Examination of Witness

Financial Services and Markets Bill – in a Public Bill Committee at 2:01 pm on 19 October 2022.

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Paddy Greene gave evidence.

Photo of Virendra Sharma Virendra Sharma Labour, Ealing, Southall 2:26, 19 October 2022

We will now hear oral evidence from Paddy Greene, head of money policy at Which?. For this panel, we have until 2.45 pm. Will the witness please introduce himself for the record?

Paddy Greene:

Good afternoon. I am Paddy Greene, the head of money policy at Which?. I welcome the opportunity to speak today. What is probably pertinent is that we have had some long-standing campaigns on access to cash and authorised push payment fraud.

Photo of Andrew Griffith Andrew Griffith The Financial Secretary to the Treasury

Q Good afternoon, Paddy, and thank you. I commend the work that you do on behalf of consumers to protect them in this domain and others. I am starting each panel by asking a general question as the Minister, and we then throw it open. Could you just tell us this, starting from first principles? I am familiar with your work, but there is, I hope you would accept, always a balance to be struck—it is for this Committee to try to ensure we get the right balance in the Bill—between consumer protection and putting obligations on firms that are operating in the sector. There are sometimes firms lifting away and creating pockets where people go unbanked or unprovided for, because we have put burdens on them. I wonder whether you acknowledge that and whether you could talk about where you think the right balance lies between a vibrant, competitive sector and a sector that fulfils its social obligations.

Paddy Greene:

I do accept there is a balance to be struck, so thank you very much. The simple thing is that we need to make sure, when we are talking about the financial services sector and consumer protection, that we have the appropriate consumer protection baked in, so that we have a basic level that means all consumers can participate with confidence and they know that whatever they are transacting in they are looked after and they have a form of redress. Then, once we acknowledge that we have that basic consumer protection, we obviously have some judgment to make on how far the other regulations go. I must add that when we are talking about consumer protections we mean that a protected consumer is confident, has trust in markets and will participate well, and that can lead to a competitive market, an innovative market and a market that can help with growth.

Photo of Andrew Griffith Andrew Griffith The Financial Secretary to the Treasury

Q Let me invite you to bring that to life a little more. There is a lively debate with others— I am not sure it is the point that you will be drawn on—about consumer credit, for example. Consumer credit can be life changing. It can give people opportunities. It allows them to access capital that lets them make better lives for themselves and their families. Consumer protection can also—the more forms, checks, tests and hurdles that people have to overcome to access that provision—leave people unbanked, because providers withdraw entirely and then people are left with something that none of us would want, which is the unregulated credit sector. Can you bring that to life a little bit for the Committee with some examples of where you see that trade-off?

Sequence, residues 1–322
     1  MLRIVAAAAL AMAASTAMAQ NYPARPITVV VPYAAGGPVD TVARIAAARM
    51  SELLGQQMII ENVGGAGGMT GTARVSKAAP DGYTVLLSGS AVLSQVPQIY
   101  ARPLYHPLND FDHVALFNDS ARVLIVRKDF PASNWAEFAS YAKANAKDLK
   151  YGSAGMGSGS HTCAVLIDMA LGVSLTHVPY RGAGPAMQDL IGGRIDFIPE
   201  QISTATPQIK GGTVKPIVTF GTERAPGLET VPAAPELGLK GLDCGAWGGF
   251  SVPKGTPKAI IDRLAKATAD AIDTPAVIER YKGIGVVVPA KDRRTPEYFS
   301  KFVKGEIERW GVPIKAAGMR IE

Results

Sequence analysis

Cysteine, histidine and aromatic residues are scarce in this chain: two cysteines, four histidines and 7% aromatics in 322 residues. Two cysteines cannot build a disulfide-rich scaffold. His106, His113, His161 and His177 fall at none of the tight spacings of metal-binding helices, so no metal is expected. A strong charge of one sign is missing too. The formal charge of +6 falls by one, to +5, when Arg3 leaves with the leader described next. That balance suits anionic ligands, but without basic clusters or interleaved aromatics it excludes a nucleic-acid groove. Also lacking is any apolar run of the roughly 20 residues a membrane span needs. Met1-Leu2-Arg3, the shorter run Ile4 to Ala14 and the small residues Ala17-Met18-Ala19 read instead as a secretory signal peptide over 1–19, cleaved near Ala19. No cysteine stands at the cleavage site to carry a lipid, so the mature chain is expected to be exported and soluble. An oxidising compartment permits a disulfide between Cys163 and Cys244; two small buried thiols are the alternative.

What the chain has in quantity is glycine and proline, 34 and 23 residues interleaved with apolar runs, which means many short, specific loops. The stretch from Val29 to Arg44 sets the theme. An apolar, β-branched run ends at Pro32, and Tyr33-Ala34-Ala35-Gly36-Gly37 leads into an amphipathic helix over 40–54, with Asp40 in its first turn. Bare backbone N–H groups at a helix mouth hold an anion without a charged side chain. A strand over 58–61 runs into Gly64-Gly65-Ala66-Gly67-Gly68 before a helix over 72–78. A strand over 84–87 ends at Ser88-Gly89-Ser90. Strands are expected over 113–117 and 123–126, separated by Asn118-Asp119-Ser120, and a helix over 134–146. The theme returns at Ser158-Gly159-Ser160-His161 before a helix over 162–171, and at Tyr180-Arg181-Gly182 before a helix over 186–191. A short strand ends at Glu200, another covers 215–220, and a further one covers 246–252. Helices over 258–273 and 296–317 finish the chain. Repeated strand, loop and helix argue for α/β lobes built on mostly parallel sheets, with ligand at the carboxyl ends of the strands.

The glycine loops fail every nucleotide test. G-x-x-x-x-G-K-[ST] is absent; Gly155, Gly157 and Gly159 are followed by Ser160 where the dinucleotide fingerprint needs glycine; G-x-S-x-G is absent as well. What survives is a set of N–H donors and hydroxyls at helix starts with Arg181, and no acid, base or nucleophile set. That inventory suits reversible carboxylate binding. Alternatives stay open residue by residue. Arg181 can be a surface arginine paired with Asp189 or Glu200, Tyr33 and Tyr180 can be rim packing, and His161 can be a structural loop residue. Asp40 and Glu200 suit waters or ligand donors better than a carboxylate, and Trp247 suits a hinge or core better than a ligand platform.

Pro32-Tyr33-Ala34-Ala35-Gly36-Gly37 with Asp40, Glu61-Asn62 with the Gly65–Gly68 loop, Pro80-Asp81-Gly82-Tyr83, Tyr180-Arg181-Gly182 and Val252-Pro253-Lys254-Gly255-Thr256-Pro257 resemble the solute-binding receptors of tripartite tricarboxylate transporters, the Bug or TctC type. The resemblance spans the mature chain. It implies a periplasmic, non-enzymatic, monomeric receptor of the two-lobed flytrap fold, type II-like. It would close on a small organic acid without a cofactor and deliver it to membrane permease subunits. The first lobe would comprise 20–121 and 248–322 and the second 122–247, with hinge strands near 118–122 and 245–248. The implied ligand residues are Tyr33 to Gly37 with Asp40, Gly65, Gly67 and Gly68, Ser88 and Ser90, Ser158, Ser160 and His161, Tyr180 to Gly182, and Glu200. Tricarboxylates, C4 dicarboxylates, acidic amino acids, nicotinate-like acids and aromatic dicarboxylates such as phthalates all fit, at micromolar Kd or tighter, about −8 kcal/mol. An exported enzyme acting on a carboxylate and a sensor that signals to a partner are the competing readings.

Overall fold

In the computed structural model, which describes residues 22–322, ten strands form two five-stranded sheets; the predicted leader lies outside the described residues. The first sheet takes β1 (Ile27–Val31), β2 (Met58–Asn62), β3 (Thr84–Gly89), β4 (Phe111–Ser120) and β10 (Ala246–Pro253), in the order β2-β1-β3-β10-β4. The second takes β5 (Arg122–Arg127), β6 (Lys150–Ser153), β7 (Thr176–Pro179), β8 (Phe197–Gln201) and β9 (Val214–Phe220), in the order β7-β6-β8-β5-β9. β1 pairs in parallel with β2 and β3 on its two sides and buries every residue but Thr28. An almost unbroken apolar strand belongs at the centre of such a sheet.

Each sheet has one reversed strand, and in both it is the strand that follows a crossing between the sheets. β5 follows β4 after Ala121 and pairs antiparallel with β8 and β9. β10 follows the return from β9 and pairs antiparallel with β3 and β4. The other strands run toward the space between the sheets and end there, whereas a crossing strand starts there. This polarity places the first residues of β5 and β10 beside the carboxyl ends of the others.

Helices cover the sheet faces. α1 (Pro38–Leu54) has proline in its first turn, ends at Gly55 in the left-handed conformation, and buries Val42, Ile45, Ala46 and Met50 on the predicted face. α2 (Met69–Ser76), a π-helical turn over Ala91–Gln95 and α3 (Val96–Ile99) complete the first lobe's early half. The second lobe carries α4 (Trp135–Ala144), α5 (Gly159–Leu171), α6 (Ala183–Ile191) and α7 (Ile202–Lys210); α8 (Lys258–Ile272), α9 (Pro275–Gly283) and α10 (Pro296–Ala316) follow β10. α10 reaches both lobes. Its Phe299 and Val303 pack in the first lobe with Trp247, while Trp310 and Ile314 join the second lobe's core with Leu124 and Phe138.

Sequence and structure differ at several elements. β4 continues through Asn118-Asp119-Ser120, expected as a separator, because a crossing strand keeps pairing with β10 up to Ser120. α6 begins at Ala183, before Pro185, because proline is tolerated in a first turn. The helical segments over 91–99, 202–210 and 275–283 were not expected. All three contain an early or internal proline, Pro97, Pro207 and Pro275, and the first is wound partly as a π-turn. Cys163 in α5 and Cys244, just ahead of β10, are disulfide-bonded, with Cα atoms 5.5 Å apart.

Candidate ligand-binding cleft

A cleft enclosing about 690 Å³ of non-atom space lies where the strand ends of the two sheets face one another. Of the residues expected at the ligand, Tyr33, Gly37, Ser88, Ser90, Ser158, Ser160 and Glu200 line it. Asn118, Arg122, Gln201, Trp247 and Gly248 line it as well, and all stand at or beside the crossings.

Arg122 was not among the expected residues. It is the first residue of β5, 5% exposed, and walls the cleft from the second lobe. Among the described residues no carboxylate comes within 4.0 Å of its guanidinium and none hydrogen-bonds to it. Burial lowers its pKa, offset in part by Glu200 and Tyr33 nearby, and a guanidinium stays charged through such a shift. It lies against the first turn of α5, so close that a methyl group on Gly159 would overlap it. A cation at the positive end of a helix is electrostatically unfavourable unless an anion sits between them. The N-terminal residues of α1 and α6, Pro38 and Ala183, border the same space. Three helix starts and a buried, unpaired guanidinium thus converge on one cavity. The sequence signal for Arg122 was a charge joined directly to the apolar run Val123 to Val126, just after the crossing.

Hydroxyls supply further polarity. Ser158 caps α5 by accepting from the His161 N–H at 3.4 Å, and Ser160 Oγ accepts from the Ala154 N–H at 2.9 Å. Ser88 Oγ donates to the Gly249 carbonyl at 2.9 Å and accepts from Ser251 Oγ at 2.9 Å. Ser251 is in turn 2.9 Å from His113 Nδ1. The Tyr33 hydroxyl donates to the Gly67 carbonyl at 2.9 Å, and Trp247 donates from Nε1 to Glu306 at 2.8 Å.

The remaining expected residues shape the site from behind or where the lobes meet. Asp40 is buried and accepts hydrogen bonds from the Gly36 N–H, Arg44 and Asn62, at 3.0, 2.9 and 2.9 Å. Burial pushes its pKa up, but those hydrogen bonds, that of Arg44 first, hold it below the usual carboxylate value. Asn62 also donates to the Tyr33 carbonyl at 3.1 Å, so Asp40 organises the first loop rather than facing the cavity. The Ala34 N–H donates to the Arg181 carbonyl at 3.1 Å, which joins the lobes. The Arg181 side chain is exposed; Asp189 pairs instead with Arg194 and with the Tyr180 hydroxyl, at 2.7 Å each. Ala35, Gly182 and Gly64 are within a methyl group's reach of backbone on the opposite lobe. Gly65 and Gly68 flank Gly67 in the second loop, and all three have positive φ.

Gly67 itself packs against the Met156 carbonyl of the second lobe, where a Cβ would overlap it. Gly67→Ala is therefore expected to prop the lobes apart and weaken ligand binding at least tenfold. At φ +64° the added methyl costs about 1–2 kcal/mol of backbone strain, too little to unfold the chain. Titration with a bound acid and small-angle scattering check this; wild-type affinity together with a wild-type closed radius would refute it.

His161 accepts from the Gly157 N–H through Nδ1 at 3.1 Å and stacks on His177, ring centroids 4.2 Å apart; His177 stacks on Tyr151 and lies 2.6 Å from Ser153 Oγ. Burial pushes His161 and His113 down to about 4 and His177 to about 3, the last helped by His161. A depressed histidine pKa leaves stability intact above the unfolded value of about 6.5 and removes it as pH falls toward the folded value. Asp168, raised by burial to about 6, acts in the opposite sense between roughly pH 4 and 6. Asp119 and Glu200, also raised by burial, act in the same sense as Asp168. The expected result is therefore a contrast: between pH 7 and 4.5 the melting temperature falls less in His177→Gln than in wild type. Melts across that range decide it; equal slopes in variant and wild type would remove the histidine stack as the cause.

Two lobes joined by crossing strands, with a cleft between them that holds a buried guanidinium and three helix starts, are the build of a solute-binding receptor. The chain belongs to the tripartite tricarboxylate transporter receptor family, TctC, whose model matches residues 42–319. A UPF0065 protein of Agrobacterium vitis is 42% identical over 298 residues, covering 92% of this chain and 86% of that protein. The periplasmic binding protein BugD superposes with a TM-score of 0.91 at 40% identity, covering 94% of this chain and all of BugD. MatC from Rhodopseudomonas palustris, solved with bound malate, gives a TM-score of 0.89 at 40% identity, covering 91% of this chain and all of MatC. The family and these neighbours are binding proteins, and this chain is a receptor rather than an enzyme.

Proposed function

Paddy Greene:

The trade-off between protections and consumer credit?

Photo of Andrew Griffith Andrew Griffith The Financial Secretary to the Treasury

Between putting in place—I am not making a point; I am just trying to open this up for the Committee—good, valuable seatbelts and protections versus over-protecting consumers to the degree that large numbers of participants exit the market and then consumers are left with door-to-door, unregulated providers of credit.

Paddy Greene:

Affordable credit is absolutely essential for consumers, but we need to make sure that, first of all, access to credit is regulated. We do have a particular form of credit that people are accessing now with buy now, pay later, which is not regulated at all, but consumers presume that it is. There are some basic protections we need to build in. One is to ensure that the parts of credit that people access are regulated themselves and that it is clear that consumers understand what is regulated and what is not. Then there is some basic information, such as key terms and conditions.

I am aware that some of the details in the Consumer Credit Act 1974, which is exceptionally old, are onerous, and there will be a chance to review that—I think later this year. It is about making sure we have efficient information presented to consumers. There is a balance there, but there is key information that we must provide them and there are key protections that must be baked in.

Photo of Tulip Siddiq Tulip Siddiq Shadow Minister (Treasury)

Q The Bill does have provisions for access to cash, but not many provisions for free access to cash. Do you think that is a cause for concern?

Paddy Greene:

Yes, it is a cause for concern. When we are talking about consumers, for the objective in the Bill on access to cash to be met, consumers must have free access to cash. Without that, I think the objective may be undermined. It is the case that we have paid-for provision—it is in theory available now—but it does not serve the market. We must ensure there is free access to cash. A huge raft of people rely on cash. It is massive numbers, but it is also the case that they tend to be vulnerable and on lower incomes. If it is the case that it is not free, when somebody goes to take out £10, they are paying £2 to get it. That is just an example, but that doesn’t seem right. The fact is, we need to have a minimum, base level of free access to cash. We are delighted that the provisions have been brought forward and that we will have this in legislation, but for it to work effectively, it has to be free access.